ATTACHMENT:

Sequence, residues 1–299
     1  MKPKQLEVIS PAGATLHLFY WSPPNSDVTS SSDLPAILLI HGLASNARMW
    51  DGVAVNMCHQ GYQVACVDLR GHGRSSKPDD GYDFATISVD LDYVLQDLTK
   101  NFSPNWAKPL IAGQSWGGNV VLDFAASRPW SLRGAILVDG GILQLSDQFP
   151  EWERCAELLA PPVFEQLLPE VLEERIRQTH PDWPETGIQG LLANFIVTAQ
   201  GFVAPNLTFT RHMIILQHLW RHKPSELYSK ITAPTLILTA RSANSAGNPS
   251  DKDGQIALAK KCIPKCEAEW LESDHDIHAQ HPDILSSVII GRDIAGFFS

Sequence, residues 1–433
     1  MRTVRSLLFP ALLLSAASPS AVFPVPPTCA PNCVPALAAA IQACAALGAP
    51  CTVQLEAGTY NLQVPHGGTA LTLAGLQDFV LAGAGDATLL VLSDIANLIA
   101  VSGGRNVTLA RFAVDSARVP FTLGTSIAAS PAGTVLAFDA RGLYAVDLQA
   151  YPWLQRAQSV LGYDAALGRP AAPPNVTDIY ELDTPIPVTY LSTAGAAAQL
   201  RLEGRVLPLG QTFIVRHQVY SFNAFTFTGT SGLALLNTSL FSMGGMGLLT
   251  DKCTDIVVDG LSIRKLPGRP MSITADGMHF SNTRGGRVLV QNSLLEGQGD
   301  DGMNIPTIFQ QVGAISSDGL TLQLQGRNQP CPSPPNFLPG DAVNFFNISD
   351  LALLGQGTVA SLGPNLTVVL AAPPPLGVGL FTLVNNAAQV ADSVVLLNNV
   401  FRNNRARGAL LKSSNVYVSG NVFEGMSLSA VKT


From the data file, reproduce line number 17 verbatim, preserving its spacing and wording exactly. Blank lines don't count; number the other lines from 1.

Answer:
   401  FRNNRARGAL LKSSNVYVSG NVFEGMSLSA VKT